A disk of dust surrounding a nearby star contains lumps and other signs of rocky planets coming together. The second of its kind, the new observation suggests that many young stars are surrounded by colliding boulders.
Based on a handful of observations, astronomers have a rough idea of how a new solar system forms. First a star coalesces from a swirling disk of dust and gas. Then, in less than 10 million years, gaseous planets similar to Jupiter and Saturn come together, gobbling up the leftover gas. After that, rocks, boulders, and "planetesimals" begin to collide, kicking up a whole new disk of dust and, over many millions of years, creating rocky planets similar to Earth and Mars.
Or so the scenario goes. In fact, researchers have spotted only a few young stars with dusty disks. Of these, the most revealing has been b Pictoris (b Pic), a star less than 20 million years old, twice as massive as the sun, and only 60 light-years away. Intriguingly, its dust disk appears to have been warped and sculpted by the gravity of at least one planet.
Now, a star born in the same stellar rookery as b Pic provides an even better look at a dust disk, astronomer Michael Liu of the University of Hawaii, Honolulu, reports online today in Science. Known as AU Microscopii (AU Mic), the star is half as massive as the sun and lies a mere 33 light-years from Earth. Astronomers discovered the dust disk around the star last year, and for two nights in June, Liu examined it with the 10-meter Keck II telescope at Mauna Kea, in Hawaii. Seen edge-on, the disk shows bright and dark spots that could be nascent planets or evidence of their gravitational pull, Liu says. And like the disk around b Pic, AU Mic's disk appears to have a denser core that contains the larger colliding bodies that generate the dust and might glom onto protoplanets.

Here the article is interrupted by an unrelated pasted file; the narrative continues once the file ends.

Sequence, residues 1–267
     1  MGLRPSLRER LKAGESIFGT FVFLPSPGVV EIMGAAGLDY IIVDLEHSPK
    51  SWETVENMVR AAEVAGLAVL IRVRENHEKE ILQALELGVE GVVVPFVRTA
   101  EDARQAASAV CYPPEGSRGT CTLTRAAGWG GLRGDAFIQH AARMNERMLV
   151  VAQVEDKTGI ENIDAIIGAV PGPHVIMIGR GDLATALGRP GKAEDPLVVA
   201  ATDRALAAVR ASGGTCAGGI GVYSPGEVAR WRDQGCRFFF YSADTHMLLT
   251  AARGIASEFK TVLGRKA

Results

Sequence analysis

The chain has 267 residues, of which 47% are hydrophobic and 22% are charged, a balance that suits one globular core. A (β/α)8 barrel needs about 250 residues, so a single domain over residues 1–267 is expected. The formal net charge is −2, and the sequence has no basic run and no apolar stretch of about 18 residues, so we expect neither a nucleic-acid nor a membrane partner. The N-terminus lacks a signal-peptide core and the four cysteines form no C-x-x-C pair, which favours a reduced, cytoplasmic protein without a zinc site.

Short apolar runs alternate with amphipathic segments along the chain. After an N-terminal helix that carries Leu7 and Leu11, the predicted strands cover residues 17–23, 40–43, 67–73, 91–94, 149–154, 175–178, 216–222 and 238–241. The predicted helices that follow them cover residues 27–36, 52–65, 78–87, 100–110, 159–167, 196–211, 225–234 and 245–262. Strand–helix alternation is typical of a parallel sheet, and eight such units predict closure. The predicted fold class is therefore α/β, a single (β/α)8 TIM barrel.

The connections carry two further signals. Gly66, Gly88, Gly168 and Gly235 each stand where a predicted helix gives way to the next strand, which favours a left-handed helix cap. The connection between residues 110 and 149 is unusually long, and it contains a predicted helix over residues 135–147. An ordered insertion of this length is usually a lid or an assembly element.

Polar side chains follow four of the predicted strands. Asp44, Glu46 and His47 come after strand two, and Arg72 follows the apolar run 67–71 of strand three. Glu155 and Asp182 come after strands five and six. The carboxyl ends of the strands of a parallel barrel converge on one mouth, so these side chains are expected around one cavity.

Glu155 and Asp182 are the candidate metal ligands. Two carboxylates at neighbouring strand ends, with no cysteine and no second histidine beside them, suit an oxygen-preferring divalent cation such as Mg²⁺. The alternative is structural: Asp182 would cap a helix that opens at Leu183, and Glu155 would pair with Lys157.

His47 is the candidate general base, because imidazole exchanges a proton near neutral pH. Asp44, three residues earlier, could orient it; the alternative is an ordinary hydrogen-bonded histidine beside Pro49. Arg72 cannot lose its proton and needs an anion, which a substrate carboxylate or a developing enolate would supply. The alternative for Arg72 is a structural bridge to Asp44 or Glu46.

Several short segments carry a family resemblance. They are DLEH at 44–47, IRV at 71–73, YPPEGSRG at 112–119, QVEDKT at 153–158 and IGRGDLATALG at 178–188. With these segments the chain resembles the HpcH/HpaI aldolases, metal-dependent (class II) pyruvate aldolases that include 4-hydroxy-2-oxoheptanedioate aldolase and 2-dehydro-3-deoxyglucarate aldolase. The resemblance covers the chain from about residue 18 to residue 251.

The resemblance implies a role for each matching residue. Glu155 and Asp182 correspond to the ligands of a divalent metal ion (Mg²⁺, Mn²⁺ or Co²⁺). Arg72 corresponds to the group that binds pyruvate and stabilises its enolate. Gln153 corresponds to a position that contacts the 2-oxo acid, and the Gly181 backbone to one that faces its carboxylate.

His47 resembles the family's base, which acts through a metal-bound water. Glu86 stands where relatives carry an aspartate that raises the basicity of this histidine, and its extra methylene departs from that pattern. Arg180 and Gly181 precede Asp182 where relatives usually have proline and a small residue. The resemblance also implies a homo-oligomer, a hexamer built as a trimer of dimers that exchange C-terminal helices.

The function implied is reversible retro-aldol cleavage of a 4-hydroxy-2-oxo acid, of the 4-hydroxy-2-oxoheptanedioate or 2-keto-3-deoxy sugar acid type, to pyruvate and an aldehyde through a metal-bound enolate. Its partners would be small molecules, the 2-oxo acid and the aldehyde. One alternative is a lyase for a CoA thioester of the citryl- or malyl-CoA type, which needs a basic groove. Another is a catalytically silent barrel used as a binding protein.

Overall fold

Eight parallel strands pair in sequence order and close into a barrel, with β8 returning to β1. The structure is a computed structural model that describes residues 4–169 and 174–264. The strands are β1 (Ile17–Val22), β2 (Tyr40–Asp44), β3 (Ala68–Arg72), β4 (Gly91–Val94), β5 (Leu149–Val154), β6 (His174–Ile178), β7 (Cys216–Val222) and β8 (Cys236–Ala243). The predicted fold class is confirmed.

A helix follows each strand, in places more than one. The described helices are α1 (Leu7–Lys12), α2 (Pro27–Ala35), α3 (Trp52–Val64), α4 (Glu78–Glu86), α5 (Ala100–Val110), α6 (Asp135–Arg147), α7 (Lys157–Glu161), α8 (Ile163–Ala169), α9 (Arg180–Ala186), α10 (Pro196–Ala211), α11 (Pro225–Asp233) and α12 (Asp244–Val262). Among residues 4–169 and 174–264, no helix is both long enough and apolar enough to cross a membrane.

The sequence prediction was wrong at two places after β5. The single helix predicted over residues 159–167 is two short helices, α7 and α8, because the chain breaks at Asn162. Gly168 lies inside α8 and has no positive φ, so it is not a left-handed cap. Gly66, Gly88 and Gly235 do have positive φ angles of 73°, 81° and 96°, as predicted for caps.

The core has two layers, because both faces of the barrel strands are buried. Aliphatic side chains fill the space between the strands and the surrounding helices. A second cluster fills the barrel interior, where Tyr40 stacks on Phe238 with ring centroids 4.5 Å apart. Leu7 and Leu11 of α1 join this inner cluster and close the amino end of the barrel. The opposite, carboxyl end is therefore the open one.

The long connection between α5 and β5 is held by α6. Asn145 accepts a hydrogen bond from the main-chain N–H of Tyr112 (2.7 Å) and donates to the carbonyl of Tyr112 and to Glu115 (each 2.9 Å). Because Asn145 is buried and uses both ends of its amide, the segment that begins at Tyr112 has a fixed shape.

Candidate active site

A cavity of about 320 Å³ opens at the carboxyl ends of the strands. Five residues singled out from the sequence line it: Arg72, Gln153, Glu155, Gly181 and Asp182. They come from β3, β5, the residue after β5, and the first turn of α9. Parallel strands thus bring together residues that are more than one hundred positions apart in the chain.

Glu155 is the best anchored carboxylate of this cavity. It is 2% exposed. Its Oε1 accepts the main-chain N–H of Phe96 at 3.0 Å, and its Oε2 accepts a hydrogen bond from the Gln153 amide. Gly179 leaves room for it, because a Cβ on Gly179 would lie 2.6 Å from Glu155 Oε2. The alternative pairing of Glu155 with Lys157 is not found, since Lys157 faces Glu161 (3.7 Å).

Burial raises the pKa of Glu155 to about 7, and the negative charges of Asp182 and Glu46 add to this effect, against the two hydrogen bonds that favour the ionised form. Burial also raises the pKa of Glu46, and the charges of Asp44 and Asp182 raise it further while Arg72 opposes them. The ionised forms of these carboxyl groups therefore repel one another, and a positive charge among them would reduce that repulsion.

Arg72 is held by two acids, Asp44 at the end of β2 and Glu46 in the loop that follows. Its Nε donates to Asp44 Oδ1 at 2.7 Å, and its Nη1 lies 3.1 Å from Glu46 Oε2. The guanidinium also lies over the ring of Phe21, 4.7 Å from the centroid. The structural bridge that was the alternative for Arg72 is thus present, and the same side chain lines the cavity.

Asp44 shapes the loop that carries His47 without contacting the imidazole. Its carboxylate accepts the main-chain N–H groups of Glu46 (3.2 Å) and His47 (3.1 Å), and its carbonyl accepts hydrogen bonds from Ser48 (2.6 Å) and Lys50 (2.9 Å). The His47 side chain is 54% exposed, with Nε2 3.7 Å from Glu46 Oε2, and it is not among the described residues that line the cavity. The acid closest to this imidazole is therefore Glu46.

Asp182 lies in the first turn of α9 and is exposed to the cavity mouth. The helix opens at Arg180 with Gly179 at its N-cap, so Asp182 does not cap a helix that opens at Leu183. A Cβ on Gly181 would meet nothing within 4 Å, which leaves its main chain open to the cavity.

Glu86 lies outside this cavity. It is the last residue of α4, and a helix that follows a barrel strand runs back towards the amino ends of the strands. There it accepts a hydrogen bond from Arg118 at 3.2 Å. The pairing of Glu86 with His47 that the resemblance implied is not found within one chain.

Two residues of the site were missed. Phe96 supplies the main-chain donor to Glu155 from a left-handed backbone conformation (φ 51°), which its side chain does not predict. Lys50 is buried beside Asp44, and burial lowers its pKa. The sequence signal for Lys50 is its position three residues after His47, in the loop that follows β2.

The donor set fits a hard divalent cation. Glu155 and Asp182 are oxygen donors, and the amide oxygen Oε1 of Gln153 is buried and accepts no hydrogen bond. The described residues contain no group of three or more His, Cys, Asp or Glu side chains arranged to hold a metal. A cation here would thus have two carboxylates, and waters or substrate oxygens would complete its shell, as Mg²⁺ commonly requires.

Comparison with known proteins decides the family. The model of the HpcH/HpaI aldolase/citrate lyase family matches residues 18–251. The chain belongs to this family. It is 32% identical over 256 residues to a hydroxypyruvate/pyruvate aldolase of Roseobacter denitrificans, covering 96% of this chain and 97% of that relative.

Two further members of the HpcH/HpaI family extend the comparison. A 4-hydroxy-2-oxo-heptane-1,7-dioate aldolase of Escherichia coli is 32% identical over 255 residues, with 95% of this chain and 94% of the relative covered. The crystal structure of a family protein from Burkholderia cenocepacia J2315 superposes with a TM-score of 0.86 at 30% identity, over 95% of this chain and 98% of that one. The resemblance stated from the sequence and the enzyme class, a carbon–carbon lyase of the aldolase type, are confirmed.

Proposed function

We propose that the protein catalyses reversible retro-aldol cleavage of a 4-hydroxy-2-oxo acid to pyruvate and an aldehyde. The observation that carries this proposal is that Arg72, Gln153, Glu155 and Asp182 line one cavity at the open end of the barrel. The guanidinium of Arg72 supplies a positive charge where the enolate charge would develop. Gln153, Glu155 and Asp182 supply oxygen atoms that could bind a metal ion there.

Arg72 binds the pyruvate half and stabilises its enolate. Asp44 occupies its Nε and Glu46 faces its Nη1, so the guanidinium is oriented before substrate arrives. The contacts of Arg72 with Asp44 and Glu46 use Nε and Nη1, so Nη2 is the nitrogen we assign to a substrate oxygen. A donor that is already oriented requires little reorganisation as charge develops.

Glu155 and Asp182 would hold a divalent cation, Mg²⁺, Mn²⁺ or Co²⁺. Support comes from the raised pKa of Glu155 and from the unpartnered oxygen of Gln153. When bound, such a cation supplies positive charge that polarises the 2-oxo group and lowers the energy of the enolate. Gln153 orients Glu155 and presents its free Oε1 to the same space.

"It's the most detailed observation we have yet of a disk in the process of planet formation," says Eugene Chiang, an astronomer at the University of California, Berkeley. The sighting proves that b Pic was no mere fluke, and it suggests that dust disks are relatively common, Chiang says. Marc Kuchner, an astronomer at Princeton University in New Jersey, says researchers will hunt for more dust disks now that their significance is becoming clearer.